Holocaust survivor speaks at Thomas County Middle School

Holocaust survivor George Rishfeld shared his story with students of Thomas County Middle School yesterday. 

George Rishfeld – originally named Jureck – was born in Warsaw, Poland, to Richard Rishfeld and Lucy Trainowitz Rishfeld. George was just six-months-old in September 1939 when World War II began with the German invasion of Poland. 

George and his parents fled to Vilna, Lithuania, where hoped they would be safe. The German army occupied Vilna in June 1941 and life for Jews in Vilna changed immediately. The Nazis and their Lithuanian collaborators formed mobile killing squads which murdered thousands of Jews in the Ponary forest outside the city. They also established two closed ghettos in the city, one for Jews considered suitable for forced-labor and one for Jews deemed not capable of work. That ghetto was liquidated a month later. Residents of the first ghetto were often hungry and conditions were unsanitary, especially during winter.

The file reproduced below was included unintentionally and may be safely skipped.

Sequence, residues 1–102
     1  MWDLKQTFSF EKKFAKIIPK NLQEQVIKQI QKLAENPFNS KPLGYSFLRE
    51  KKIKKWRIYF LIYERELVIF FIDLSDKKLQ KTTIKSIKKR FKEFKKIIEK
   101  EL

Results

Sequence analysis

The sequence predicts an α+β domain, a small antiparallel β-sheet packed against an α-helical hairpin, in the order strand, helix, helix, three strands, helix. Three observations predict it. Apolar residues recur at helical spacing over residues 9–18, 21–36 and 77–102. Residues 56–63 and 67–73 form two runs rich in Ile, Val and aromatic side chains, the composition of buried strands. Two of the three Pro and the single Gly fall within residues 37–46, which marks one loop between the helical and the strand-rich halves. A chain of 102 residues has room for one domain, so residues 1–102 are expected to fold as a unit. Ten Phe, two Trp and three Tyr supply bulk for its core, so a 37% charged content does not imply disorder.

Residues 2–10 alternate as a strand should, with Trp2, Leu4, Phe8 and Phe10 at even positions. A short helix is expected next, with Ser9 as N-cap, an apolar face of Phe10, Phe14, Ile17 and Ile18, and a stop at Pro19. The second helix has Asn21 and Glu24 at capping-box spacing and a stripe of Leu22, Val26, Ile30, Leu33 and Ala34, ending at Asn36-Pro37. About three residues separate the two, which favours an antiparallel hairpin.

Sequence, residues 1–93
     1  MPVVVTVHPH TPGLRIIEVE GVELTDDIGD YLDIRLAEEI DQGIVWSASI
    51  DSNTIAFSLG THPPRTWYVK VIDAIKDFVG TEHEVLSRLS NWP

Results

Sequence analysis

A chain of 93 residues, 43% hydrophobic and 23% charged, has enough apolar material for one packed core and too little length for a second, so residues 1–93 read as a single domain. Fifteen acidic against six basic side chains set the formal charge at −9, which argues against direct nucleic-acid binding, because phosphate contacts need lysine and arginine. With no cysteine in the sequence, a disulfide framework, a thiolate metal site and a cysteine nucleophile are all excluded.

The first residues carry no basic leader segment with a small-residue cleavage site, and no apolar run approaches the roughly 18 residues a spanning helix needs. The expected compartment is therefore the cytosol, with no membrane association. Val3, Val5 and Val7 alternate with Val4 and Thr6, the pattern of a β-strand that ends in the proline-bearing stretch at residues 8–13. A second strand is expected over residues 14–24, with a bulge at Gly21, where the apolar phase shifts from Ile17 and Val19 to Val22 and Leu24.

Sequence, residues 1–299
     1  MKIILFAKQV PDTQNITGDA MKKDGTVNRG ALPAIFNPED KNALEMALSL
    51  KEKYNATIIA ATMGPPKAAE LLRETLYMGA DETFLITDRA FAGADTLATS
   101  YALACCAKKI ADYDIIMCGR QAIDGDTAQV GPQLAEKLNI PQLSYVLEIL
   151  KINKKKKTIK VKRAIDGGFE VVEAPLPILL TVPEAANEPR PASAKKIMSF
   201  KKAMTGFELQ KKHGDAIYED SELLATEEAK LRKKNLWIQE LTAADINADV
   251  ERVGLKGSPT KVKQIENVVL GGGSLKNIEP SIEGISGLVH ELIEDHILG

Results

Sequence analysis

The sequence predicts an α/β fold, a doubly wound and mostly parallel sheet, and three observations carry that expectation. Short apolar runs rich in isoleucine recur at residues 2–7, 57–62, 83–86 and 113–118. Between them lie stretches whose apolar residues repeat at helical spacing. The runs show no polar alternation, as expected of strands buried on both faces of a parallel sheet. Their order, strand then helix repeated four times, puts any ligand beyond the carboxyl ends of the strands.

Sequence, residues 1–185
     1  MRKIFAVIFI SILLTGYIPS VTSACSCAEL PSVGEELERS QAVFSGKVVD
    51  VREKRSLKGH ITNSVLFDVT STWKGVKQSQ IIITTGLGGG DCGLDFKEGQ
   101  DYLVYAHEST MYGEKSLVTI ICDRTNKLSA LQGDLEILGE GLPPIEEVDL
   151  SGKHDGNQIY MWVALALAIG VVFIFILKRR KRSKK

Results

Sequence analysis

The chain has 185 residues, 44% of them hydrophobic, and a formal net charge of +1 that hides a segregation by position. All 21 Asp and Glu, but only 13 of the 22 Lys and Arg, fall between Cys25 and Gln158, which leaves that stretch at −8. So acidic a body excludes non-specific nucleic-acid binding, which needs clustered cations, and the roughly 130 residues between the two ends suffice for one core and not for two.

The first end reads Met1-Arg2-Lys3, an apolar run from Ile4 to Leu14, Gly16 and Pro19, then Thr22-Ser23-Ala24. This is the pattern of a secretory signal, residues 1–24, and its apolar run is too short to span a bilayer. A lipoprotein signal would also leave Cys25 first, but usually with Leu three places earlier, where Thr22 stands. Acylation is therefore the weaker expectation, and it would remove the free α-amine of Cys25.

As conditions in the ghetto worsened and deportations to killing centers and concentration camps continued, George’s parents decided that it was necessary to find a way to save their young son. Mr. Fronckvics, a former employee and family friend of George’s father, agreed to care for George until the war ended. Mr. Fronckvics promised that he, his wife, and his daughter, Halinka, would raise George as their own son.

They fulfilled their promise.

A lot of people think that it was a Hollywood myth, that the Holocaust never happened. I feel like I was saved to be a witness to the fact that it really did happen," -- George Rishfeld

The program at the middle school was part of the Commission's speaker program series. Schools and communities in Georgia can request a speaker online for audiences of 75 and above.